Suspects vs. Prospects
Salespersons ought to know the suspects vs. prospects distinction in order to ensure their pipeline is of high quality.
In the post Sales vs. Marketing, we described the overall marketing and sales conversion of suspects into prospects, opportunities, and customers:
Suspects → Prospects → Opportunities or Deals → Customers
In this post, we demystify the concepts of suspects and prospects.
Target Market Segments
Products and services have pre-defined target market segments.
Product Managers and Product Marketing Managers are responsible for imparting this knowledge to sales teams.
Target market segments are the starting points for defining a suspect and prospect in sales and understanding the difference between the two.
Marketers use a process called segmentation, targeting, and positioning (STP) to pinpoint the target market segments with unmet needs that the brand addresses and serves.
Following the STP process, products and services are defined and developed as part of a marketing mix that best addresses the needs of the target segments.
ICP and Buyer Personas
Within the target market segments, marketing further profiles a hypothetical company that is the “perfect” customer for your offering.
Called the ideal customer profile (ICP), such a company derives the maximum benefit from your offering.
Targeting such companies shortens sales cycles and yields the greatest sales success.
Defining ICP is not enough as at the end of the day, sales are done with actual people within companies.
To this end, marketing goes beyond ICP to profile the buyer within target companies.
The profile is a semi-fictional representation called a buyer persona.
Multiple buyer personas are defined as corresponding to the multiple members of a virtual buying center within the target companies consisting of decision-makers, influencers, vetoers, users, and gatekeepers.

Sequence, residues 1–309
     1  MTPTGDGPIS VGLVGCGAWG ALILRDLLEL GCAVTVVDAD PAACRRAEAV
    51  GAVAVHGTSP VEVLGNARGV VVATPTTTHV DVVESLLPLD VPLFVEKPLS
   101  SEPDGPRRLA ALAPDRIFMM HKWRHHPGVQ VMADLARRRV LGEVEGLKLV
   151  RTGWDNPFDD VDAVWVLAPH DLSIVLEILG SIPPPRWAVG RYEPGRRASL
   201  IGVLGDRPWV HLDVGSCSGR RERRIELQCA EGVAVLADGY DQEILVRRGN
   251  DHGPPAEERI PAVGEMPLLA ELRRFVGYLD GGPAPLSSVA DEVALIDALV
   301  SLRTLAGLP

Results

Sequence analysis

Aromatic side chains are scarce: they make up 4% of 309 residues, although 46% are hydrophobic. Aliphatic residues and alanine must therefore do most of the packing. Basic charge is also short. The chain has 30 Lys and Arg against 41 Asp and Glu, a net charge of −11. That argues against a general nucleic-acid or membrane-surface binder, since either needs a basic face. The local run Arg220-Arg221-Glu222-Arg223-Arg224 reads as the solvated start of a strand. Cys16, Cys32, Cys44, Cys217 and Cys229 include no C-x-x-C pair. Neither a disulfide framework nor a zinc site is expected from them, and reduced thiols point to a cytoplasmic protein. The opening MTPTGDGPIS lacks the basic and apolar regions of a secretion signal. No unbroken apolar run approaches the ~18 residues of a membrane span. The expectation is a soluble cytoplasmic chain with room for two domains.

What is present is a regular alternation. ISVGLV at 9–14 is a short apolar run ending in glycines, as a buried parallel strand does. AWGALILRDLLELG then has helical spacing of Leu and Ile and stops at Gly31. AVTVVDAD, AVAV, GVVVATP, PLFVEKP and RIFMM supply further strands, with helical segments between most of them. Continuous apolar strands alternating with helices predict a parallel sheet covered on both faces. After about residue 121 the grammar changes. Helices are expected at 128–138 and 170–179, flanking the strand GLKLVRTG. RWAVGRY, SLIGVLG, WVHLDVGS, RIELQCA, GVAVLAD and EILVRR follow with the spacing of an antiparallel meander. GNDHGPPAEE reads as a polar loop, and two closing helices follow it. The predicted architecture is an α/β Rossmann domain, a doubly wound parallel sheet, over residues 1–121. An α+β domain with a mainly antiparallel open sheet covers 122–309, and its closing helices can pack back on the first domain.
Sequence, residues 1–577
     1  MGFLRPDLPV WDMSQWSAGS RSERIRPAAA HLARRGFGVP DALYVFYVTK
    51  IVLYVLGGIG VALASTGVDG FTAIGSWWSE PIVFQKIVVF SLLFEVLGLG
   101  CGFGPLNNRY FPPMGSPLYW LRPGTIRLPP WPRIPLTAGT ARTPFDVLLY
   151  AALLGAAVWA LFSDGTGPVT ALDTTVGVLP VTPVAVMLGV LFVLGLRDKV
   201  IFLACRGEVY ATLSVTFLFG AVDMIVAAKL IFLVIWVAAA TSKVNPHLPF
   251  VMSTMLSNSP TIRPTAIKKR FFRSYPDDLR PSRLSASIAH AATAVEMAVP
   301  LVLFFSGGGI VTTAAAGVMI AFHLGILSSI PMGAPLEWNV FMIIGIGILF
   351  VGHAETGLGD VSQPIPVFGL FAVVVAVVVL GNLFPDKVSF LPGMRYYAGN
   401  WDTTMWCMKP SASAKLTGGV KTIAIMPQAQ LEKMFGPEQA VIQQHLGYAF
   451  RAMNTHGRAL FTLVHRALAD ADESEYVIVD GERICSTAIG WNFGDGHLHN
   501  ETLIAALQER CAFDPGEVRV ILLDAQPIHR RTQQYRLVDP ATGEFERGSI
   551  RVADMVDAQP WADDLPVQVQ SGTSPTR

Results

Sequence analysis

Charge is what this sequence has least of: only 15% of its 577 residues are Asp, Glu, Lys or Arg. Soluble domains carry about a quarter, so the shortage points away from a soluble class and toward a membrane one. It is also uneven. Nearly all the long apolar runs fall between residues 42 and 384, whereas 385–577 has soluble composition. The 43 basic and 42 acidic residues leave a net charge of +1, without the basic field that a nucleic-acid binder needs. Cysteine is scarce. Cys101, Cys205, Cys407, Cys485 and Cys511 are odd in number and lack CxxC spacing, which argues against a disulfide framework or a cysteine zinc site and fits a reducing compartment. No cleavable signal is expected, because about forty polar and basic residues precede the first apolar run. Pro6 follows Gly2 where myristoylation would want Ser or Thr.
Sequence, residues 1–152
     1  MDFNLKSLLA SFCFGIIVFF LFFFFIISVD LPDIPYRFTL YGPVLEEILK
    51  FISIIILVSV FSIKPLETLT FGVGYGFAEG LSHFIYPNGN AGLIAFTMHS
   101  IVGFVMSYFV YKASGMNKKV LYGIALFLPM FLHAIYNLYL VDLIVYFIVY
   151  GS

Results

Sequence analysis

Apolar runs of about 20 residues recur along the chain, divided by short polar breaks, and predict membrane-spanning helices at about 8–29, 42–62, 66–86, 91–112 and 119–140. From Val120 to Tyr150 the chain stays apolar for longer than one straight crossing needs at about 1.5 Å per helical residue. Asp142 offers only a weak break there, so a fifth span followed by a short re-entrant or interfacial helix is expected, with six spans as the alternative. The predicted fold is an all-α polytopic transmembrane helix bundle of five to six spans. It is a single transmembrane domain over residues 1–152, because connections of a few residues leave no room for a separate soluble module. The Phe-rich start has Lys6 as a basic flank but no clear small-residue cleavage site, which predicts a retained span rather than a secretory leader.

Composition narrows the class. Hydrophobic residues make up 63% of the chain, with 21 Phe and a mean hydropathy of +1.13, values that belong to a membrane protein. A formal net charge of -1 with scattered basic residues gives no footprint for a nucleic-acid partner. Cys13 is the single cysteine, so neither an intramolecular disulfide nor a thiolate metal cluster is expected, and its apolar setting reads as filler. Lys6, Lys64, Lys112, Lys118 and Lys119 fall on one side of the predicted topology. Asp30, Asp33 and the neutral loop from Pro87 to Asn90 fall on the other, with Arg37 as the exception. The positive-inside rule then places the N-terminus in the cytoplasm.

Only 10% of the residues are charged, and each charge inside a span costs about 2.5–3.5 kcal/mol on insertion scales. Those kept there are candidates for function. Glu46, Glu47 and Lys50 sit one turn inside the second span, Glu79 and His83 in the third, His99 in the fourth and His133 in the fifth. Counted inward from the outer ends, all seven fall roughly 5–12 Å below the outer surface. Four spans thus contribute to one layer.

Difference between Suspects and Prospects
Suspects in sales are all the businesses and buyers who fall into the target market segment(s) of a product or service defined by marketing.
In fact, suspects fit the ICP and buyer persona.
Despite fitting the ICP and buyer persona, suspects are called so because they may not be interested in buying the offering, to begin with.
Suspects may or may not be interested in buying a product or service.
As the name suggests, prospects are potential customers for your business.
Suspects become prospects when they signal their buying interest and it is evident to salespersons.
Suspects → Prospects
Although suspects fit the ICP and buyer persona for your offering, they have to be interested in your product or service in order for you to consider them as prospective customers.
Prospects are potential customers for your business who show interest in buying your product or service.
You should ideally spend all your sales efforts on prospects and not suspects.
Your sales performance and sales forecast will both be impacted negatively otherwise.
If your pipeline includes suspects that you do not distinguish from prospects, then those suspects will consume your time and effort but not convert into sales.
Are Suspects and Prospects the Same as Leads?
Depending on who you speak to or the school of thought, only prospects are considered as leads or both suspects and prospects are considered as leads.
Suspects → Prospects or Leads → Opportunities or Deals → Customers
Leads (Suspects → Prospects) → Opportunities or Deals → Customers
Read our blog post prospects vs. leads, which points out the confusion reigning these concepts.
Cold, Warm, and Hot Leads
There is also a classification of leads into cold, warm, and hot.
In another post on this topic, we make it clear that suspects are cold leads and prospects are warm leads.
Cold Leads (Suspects) → Warm Leads (Prospects)
The point here is that both suspects and prospects are leads.
Whereas a suspect’s interest level is unclear, a prospect’s interest is clear to the salesperson.
Furthermore, suspects must be identified and nurtured.
This know-how of a suspect vs. prospect in sales is ultimately critical to building a quality pipeline.
Check out more videos on Suspects vs. Prospects on our YouTube channel.
April 22, 2023
April 16, 2022